|Number of Incremental Users||9,406||65,016||74,422|
|Number of Incremental Transactions||14,945||127,861||142,806|
|Value of Incremental Transactions (PKR)||46,829,571||6,499,336||53,328,907|
Note: The value of transactions for one of these partners couldn’t get recorded as the app links its users to partner financial institutions instead of providing a suit of financial products its self; accordingly, the number of transactions and value of transactions are not linearly correlated.
On the public sector front, Karandaaz Digital is working with Benazir Income Support Programme (BISP) to cater to the low-income women and allow them to access the unified payments system so that they can transfer funds seamlessly. In addition, support is also being provided to upgrade and strengthen BISP’s data management and governance infrastructure. Central Directorate of National Savings (CDNS) is another major public partnership. The vertical is providing support to CDNS to roll out dynamic digital service; including an ATM card and a mobile app, to its consumers (half of which are women).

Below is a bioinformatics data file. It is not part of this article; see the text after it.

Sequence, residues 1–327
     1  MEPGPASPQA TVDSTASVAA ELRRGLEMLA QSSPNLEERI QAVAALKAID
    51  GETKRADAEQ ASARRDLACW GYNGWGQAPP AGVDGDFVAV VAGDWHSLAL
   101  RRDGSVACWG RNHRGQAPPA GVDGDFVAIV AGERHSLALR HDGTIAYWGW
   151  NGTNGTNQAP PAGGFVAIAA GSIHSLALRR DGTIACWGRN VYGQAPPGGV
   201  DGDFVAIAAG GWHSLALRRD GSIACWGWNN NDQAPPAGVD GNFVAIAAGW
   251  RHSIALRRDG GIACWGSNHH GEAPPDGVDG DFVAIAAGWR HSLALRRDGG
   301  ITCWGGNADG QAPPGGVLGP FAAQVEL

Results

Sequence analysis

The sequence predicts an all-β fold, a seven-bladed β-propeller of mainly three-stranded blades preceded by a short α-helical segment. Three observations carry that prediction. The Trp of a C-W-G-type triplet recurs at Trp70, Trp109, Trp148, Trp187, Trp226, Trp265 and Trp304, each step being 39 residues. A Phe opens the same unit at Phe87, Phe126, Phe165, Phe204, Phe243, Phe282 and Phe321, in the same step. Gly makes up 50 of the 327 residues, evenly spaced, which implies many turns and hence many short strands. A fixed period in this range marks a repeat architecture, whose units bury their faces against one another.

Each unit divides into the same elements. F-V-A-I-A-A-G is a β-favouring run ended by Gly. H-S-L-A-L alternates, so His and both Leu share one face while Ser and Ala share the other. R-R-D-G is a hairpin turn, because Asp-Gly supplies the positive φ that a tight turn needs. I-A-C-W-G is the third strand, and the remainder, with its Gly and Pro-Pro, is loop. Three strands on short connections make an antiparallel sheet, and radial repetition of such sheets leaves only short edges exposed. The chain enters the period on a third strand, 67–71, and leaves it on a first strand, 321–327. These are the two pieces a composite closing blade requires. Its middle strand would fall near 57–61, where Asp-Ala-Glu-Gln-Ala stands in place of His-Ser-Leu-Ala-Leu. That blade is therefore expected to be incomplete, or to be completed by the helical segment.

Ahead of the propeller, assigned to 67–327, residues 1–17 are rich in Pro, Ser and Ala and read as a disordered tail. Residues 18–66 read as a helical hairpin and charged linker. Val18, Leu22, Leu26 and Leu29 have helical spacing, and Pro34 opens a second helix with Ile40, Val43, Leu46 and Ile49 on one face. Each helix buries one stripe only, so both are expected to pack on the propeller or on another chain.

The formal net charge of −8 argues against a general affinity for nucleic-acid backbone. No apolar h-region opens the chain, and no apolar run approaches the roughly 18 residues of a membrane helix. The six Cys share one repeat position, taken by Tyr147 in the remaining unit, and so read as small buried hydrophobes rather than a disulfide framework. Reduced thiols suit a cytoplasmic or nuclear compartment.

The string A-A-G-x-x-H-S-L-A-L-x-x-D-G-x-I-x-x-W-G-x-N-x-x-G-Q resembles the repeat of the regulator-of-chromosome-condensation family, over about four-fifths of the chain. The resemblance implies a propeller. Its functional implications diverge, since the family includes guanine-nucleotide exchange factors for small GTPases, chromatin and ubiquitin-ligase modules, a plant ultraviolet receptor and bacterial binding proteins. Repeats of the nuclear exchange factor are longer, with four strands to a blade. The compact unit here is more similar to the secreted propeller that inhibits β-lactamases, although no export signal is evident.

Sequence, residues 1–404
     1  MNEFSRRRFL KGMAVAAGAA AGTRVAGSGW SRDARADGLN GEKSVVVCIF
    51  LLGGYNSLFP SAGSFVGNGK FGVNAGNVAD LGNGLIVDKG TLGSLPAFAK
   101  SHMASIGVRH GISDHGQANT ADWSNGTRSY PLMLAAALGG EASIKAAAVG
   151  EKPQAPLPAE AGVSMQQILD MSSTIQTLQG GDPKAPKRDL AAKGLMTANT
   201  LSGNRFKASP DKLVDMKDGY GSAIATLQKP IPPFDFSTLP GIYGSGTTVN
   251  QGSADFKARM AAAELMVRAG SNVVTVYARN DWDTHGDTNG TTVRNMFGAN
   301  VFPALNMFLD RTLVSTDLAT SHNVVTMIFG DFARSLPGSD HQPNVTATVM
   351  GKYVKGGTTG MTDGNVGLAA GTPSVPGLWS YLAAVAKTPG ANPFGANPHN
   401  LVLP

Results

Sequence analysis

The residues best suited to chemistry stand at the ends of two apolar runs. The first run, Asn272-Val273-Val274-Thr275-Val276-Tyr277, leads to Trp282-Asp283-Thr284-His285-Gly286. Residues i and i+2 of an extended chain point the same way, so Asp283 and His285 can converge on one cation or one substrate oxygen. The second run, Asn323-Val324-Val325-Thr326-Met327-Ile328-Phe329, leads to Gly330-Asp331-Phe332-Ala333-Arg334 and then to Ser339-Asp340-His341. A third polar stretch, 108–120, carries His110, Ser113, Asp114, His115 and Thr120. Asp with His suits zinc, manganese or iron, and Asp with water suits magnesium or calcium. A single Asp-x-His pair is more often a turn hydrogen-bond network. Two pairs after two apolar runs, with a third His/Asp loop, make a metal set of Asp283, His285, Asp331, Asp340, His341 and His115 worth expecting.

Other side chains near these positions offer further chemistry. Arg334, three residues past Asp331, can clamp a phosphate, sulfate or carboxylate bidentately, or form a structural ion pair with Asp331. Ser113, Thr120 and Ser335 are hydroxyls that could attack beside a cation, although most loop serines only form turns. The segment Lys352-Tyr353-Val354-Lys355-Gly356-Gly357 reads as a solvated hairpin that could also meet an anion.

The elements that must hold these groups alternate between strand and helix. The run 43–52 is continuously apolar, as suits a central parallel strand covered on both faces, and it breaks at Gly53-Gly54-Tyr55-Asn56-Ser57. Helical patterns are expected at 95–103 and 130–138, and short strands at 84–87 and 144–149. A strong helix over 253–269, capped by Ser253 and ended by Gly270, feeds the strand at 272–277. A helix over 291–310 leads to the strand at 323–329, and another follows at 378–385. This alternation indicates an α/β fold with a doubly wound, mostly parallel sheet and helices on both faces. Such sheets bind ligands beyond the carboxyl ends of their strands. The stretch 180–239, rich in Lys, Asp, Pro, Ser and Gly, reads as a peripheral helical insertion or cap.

2) Research & Advocacy
This objective pertains to carrying out research on gender-specific barriers in the provision and update of digital financial services and then formulating and recommending solutions to these bottlenecks. It also includes collaboration with international development organizations and disseminating the learnings from various interventions to the wider industry.
3) Policy Support